Maybe it's the drizzle, maybe it's the island mentality but there are some seriously weird and wonderful curiosities dotted about Britain, both natural and man-made. Good news is, a number of sites are close enough to visit, marvel at, and still get back home in time to snuggle up and listen to the comforting chirrup of police sirens and partying neighbours. Here's ten of the strangest, most out-of-this-world places, taken from the book 'Escape London' by Yolanda Zappaterra.
RECOMMENDED: our full guide to great day trips from London
OK, it’s not quite Necker Island or the desert island of Robinson Crusoe, but Osea Island on the Blackwater Estuary in Essex is quite a remarkable semi-deserted private island. You have to stay for at least two nights to be able to visit this ‘exclusive luxury island holiday resort’, but once you’ve booked it’s a real adventure getting onto the tiny tidal island, accessed via a mile-long causeway emerging from the estuary for just four hours a day. Having made it across, the 380 acres of countryside, pretty village and four miles of beaches and coastline make it feel like another world. Bring your cozzie; should the grey waters of the estuary prove unappealing dip-wise, there’s a saltwater swimming pool on the island, and you can borrow a bike to cycle around it all.Get there: By car in about two hours from central London, or by train from either Liverpool St to Witham, or Victoria to Colchester (and taxis from both to Osea in about 15 minutes).
Set on the southern edge of Windsor Great Park, near Ascot, the 2-mile-long Virginia Water is bordered by some properly weird features, including a 100ft-high totem pole, carved from a single cedar tree in 1958 by Mungo Martin. Other less unusual features include the Ruins (a collection of artefacts from Libya), and a manmade waterfall. It can all be seen on a great lakeside walk (half paved, half natural trails) of around 4.5 miles that takes these in and offers loads of picnic spots. Best of all, it’s free, though you do have to pay to park in the car park, which is open from 8am to 7pm (or dusk, if earlier).Get there: By car in about 50 minutes from central London, or by train from Waterloo to Egham or Virginia Water.
On a summer’s day you could easily think you were in Provence as you approach the 25 acres of bright purple blossoms that make up Mayfield Lavender Farm. Tucked away behind a stretch of Croydon Lane (and easily accessible thanks to the 166 bus) on the North Surrey Downs near Epsom, the family-run organic farm is open from late spring (usually May) until autumn (mid- September), but if you’re planning to take part in its annual photo competition, owners Lorna and Brendan Maye advise visiting during July and August. Four miles away at Reigate Road near Epsom Downs, there’s also a nursery and gift shop, open year-round, Tue–Sat.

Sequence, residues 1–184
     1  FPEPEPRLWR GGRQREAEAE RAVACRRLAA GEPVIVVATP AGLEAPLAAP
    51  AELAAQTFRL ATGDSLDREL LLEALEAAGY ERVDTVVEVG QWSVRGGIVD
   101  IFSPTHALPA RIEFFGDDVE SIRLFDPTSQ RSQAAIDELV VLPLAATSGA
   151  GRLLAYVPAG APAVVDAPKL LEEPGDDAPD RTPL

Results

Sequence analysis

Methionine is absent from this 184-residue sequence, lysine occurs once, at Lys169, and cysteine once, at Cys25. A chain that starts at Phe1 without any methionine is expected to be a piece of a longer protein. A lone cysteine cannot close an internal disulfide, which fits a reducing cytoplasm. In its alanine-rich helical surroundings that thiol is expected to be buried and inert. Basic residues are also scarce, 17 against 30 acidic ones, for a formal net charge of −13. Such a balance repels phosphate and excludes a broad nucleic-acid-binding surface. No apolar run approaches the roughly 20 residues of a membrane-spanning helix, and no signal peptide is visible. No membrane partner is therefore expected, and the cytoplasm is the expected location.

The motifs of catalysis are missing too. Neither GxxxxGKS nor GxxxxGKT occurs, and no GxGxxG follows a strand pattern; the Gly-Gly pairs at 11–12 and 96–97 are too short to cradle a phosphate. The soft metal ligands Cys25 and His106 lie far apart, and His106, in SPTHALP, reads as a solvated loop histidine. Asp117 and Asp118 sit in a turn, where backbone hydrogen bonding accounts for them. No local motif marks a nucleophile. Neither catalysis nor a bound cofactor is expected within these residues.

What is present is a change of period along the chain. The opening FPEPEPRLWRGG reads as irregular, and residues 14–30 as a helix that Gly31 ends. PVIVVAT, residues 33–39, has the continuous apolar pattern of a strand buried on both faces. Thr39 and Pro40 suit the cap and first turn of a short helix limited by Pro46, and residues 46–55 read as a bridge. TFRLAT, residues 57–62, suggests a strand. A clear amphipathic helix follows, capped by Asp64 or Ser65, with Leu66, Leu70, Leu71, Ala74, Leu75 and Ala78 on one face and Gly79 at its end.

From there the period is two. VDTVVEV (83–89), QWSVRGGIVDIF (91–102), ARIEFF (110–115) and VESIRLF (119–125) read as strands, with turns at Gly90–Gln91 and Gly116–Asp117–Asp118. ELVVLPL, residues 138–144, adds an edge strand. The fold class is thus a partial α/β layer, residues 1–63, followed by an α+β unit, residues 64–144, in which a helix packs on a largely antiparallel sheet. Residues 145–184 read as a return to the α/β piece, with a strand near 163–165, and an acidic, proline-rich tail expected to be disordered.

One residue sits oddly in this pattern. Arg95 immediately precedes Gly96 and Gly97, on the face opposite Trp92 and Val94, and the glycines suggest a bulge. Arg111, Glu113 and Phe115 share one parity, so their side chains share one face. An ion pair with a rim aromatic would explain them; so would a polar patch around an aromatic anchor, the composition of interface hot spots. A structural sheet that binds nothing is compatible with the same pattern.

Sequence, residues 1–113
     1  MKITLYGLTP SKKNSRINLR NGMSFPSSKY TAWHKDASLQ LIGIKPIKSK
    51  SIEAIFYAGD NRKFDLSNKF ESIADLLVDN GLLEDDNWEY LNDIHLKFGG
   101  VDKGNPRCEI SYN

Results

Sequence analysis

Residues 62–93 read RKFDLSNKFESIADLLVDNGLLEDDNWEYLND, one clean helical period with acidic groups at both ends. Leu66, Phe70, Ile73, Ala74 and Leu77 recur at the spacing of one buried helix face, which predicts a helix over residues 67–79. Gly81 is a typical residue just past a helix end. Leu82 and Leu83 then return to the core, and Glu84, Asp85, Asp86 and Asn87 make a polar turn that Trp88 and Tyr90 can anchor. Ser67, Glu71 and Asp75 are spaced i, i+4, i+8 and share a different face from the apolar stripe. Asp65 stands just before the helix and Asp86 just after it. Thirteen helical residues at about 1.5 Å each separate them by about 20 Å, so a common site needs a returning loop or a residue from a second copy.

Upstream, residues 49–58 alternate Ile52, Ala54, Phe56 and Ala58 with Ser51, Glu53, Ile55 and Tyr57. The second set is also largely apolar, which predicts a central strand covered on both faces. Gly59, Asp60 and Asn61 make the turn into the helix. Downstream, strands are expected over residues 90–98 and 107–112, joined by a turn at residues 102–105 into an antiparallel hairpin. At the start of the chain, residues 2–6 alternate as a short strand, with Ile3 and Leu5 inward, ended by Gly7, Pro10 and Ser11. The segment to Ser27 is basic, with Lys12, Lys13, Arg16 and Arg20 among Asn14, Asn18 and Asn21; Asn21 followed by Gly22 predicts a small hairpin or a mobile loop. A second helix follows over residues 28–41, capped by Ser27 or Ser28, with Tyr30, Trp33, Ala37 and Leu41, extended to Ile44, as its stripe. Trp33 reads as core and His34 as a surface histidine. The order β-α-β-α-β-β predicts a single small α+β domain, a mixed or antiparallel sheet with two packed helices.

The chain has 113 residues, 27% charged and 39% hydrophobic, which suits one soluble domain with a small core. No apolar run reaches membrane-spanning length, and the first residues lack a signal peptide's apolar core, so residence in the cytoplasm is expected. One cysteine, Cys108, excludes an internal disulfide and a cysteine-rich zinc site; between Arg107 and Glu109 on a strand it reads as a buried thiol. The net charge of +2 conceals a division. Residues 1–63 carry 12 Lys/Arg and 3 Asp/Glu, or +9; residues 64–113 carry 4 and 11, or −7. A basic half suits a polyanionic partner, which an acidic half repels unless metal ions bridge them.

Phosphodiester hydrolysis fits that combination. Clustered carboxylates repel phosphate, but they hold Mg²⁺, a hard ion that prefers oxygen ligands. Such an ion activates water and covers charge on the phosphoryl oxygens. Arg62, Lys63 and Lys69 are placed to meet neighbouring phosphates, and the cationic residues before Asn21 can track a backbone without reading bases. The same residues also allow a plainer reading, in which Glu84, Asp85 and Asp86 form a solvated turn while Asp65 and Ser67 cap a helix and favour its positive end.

Mayfield Lavender Farm, Croydon Lane, Banstead, Surrey SM7 3BE
Get there: By car in about 1hr 10 minutes from central London, or by train from Victoria or London Bridge to Banstead, then the 166 bus.
Wandering the bleak marshes of Romney, near Dungeness, is a surreal affair at the best of times, but when you spot one of the Denge sound mirrors, it becomes officially Tarkovsky territory. These three imposing concrete structures, two circular ones of 20ft and 30ft and one huge curved 200ft-wall, were constructed more than a century ago as early radar devices aimed at providing early warning of enemy aircraft approaching Britain across the English Channel. They weren’t terribly effective (it’s said you could actually hear the enemy approaching with the naked ear before the mirrors picked them up) but there they stand like some weird sci-fi sentinels. There’s no close-up public access, but join one of the guided walks run by the Romney Marsh Countryside Project and you’ll get a mine of interesting info, as well as some great photos.Get there: By car in about two hours from central London, or by train from St Pancras International to Ashford International and bus 11 or 11A to Lydd or Dungeness.
Tiny All Saints’ Church Tudeley has the distinction of being the only church in the world whose stained glass windows are all by Marc Chagall, and the contrast between the humble church and the rich European modernism of the artist’s swirling blues and golds is unmissable. Chagall’s hauntingly lovely windows were brought about by the tragic death in 1963 of a young modern art lover, Sarah d'Avigdor-Goldsmid, whose parents commissioned Chagall to design the large east window as a tribute to their daughter. Arriving in 1967 to install the window, Chagall apparently said ‘It's magnificent. I will do them all.’ Colours range from golden yellows to deep blues, via bursts of orange, purple and pink, and detailed scenes encompass traditional Chagall tropes of hope and joy, such as angels, asses, birds and horses; experiencing them here, in this very special little church, is magical.